This Pharaoh operated with great fear and he saw how hard the Hebrews worked and grew even more fearful. So he made life miserable for them. He instructed the Egyptian midwives, those skilled to deliver babies, to kill all the Hebrew males born in Egypt.

In this story, we’re more likely familiar with the person, Moses, who is called by God to lead the people to freedom. Moses was a Hebrew boy born to a Hebrew woman. Lucky for Moses, he was delivered by two Egyptian women who feared God more than Pharaoh and would not do as Pharaoh commanded. His mother had to send him into the Nile where he was brought to Pharaoh’s household. He grew up as son to Pharaoh and brother of Pharaoh’s son.

As an adult, Moses witnessed the harsh treatment of his people and one day he snapped, killing one of Pharaoh’s men and fleeing into the wilderness for fear of his life. There he encountered God in the burning bush and was called to tell Pharaoh “Let God’s people go!”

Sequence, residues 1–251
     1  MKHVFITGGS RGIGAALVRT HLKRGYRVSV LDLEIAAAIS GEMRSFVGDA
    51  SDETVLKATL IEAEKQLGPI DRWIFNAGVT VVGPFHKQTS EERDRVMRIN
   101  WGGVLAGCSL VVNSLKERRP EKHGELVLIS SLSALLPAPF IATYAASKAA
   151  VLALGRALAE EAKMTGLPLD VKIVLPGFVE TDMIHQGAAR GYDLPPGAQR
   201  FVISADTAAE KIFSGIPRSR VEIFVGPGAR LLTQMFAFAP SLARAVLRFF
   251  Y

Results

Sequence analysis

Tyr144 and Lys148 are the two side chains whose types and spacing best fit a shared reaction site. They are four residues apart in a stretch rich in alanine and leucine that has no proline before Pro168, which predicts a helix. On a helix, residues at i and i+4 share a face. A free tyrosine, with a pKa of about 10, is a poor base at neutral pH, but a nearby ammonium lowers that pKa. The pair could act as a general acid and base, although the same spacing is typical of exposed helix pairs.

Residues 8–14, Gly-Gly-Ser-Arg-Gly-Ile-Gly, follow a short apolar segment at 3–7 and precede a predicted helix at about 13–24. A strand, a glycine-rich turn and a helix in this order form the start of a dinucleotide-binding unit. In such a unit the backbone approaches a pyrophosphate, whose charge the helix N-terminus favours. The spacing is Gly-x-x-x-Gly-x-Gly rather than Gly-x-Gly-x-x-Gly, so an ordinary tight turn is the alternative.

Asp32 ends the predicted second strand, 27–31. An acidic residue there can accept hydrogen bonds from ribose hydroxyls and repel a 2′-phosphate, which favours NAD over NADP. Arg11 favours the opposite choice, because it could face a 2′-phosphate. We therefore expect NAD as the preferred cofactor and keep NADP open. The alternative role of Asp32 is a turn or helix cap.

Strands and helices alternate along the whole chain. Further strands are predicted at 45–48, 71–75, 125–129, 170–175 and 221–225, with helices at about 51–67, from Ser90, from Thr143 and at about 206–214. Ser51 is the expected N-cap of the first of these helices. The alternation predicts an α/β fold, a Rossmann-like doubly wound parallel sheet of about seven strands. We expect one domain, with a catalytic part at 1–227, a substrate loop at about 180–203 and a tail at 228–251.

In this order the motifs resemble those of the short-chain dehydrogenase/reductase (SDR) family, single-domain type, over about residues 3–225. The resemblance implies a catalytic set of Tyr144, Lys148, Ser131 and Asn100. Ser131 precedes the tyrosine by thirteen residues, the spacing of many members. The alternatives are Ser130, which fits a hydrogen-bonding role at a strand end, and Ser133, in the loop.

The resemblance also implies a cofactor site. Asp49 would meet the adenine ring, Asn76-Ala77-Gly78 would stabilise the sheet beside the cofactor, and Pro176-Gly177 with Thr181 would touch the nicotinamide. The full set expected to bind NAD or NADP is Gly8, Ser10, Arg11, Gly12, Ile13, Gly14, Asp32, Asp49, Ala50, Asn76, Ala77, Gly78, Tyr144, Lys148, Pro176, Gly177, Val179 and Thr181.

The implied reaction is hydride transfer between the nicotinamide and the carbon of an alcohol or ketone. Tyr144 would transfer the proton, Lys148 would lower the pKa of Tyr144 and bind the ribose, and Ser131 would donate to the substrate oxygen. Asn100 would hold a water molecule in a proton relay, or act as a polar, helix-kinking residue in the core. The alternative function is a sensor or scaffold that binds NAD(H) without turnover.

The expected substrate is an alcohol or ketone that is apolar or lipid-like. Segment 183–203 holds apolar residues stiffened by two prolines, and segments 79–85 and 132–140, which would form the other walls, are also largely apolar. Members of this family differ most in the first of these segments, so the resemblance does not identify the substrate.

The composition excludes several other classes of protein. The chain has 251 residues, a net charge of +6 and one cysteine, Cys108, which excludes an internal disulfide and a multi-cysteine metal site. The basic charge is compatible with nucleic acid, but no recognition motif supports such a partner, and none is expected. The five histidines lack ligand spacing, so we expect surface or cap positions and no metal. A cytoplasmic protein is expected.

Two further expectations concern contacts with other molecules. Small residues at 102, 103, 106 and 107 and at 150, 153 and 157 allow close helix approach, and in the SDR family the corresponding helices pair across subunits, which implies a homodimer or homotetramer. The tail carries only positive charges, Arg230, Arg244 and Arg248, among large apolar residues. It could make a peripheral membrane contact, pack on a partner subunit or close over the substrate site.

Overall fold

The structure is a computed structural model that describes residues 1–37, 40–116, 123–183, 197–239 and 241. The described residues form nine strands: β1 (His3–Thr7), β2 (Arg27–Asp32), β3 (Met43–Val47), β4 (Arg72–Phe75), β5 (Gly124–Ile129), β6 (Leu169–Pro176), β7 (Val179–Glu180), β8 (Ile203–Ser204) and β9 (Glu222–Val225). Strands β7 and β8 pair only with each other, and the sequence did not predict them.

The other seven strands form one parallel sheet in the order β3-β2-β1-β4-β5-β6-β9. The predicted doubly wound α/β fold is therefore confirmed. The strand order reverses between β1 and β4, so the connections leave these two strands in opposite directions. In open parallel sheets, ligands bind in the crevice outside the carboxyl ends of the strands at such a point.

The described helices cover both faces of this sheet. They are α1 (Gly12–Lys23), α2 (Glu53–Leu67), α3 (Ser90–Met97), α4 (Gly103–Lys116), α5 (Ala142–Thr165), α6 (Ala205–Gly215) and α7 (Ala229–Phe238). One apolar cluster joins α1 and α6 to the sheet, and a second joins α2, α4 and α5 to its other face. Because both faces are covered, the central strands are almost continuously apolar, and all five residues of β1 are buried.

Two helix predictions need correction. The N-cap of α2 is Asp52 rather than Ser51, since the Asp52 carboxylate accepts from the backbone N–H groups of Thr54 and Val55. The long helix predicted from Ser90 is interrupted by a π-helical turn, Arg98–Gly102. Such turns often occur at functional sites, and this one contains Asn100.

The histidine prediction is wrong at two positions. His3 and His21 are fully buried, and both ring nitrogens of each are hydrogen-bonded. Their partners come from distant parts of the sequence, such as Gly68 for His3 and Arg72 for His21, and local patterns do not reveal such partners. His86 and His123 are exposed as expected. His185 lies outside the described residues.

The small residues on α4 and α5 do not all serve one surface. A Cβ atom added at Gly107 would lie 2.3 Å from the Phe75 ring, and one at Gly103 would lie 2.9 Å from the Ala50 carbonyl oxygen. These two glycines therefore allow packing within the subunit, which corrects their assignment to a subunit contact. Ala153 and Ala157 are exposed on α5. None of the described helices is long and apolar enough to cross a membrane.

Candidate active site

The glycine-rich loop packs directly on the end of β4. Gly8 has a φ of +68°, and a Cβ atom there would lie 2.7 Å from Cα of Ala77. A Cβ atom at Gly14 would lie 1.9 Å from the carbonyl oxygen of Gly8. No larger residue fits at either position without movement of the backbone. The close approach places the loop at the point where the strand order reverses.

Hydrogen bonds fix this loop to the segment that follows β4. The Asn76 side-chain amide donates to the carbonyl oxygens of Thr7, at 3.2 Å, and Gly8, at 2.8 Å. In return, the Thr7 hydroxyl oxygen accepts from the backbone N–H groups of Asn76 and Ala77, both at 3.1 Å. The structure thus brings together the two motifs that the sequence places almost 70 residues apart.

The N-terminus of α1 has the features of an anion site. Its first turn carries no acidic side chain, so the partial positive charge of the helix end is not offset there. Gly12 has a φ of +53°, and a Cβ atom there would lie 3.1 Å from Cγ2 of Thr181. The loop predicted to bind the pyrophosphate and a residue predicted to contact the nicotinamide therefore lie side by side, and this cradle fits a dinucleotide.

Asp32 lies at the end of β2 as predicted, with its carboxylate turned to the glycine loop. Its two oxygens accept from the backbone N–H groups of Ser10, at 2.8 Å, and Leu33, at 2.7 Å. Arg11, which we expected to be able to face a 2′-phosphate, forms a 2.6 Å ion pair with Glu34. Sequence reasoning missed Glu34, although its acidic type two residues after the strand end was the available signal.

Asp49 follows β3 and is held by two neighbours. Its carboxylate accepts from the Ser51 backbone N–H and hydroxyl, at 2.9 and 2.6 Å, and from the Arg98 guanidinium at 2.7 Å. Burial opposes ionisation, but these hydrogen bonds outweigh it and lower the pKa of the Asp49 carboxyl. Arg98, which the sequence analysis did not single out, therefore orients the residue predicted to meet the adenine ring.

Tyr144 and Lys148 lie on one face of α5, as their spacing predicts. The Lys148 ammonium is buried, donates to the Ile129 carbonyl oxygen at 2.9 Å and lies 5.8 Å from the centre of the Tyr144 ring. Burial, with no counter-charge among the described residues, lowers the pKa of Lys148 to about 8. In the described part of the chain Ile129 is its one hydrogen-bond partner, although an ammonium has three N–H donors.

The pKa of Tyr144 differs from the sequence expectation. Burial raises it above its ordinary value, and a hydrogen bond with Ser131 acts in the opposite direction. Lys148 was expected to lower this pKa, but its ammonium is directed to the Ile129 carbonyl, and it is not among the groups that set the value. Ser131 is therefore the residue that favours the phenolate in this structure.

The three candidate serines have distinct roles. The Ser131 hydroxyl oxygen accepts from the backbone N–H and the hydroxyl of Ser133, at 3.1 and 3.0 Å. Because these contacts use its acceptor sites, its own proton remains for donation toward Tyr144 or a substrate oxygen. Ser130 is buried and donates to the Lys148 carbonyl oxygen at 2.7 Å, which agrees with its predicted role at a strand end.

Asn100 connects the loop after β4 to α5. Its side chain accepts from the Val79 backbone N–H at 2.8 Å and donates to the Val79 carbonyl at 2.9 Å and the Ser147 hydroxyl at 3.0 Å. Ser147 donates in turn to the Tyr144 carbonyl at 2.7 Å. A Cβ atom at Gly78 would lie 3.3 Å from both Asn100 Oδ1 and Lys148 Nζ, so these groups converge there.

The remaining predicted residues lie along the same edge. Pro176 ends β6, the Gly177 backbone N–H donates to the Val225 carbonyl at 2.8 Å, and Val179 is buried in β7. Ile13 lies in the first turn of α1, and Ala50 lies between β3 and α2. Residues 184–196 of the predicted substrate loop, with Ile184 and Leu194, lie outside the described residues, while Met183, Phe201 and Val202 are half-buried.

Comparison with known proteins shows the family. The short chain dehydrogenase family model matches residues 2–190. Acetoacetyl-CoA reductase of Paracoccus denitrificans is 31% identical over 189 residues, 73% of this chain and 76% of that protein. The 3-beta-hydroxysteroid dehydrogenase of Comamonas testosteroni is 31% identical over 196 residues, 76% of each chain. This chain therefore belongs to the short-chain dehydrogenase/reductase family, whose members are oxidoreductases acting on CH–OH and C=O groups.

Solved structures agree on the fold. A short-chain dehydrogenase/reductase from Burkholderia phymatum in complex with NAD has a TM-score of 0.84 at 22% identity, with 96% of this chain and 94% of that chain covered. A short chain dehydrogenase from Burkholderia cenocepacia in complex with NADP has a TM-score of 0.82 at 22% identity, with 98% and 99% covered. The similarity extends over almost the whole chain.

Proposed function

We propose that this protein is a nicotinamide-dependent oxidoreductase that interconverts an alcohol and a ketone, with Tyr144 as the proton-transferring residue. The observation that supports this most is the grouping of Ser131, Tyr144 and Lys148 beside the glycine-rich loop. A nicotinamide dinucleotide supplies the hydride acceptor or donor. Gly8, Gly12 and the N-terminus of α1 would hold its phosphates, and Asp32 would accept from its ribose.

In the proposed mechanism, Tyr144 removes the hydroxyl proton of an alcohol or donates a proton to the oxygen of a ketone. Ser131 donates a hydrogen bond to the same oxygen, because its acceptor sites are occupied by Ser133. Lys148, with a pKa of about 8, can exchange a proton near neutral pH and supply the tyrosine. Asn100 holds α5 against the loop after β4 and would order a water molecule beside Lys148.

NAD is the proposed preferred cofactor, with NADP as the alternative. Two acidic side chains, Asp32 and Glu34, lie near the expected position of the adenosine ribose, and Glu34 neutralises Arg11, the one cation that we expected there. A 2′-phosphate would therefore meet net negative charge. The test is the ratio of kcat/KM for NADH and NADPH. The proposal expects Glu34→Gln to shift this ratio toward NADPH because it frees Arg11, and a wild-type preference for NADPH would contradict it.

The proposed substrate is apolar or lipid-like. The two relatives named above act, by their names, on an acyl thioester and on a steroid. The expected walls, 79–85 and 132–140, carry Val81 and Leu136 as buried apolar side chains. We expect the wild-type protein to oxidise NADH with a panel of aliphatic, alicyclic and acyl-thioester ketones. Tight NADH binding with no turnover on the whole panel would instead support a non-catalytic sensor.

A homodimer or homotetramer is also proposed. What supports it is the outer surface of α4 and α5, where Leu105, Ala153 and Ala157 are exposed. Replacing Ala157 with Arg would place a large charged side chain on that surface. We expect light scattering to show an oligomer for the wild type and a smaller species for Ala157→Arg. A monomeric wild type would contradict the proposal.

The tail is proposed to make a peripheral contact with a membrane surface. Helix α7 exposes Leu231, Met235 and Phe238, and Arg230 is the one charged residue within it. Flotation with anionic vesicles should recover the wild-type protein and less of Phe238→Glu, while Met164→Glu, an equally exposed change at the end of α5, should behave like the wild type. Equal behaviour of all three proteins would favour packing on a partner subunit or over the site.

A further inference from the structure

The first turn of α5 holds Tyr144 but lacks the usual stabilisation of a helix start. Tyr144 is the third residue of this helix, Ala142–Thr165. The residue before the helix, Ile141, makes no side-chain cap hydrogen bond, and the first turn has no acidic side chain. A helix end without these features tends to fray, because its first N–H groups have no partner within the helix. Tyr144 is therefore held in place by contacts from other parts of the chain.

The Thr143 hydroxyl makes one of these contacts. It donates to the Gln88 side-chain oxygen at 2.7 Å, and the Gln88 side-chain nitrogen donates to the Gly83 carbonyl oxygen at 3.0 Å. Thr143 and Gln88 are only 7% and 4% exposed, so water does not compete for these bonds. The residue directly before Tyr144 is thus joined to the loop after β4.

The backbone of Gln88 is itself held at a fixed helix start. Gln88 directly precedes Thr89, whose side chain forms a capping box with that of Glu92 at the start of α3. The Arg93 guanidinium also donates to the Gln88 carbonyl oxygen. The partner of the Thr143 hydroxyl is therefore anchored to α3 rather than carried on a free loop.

But Pharaoh would not let God’s people go.

And that is the point when the Seder meal starts, under the backdrop of bondage on the stage of slavery.

Now, the Seder meal requires a certain level of wine; each person will take in at least 4 full glasses. What can I say, it was our religious duty! It was a miracle we woke up early enough the next morning to be back to Jerusalem. It was early enough to see the moon set on the sea, and early enough to feel the full effects of the night before, and remember pieces of the story: the joy in deliverance and freedom, but also some sorrow. The plagues, screeched back into memory. Pharaoh refused God, and God sent plagues. A horrific scene.

Blood replaces water in the Nile. Frogs covered the land. Lice covered the animals. Wild Beasts swarmed the land eating and trampling everything in sight. Then a cattle disease wiped out the livestock. Boils bursted on the bodies of men and beast. Hail wiped out crops were left. Locusts swarmed the land. Darkness descended. And Pharaoh would not let God’s people go. Even Pharaoh’s officials said to him, “How long shall this fellow harass us? Let the people go, so that they may worship the Lord their God; do you not yet understand that Egypt is ruined?” (Exodus 10:7).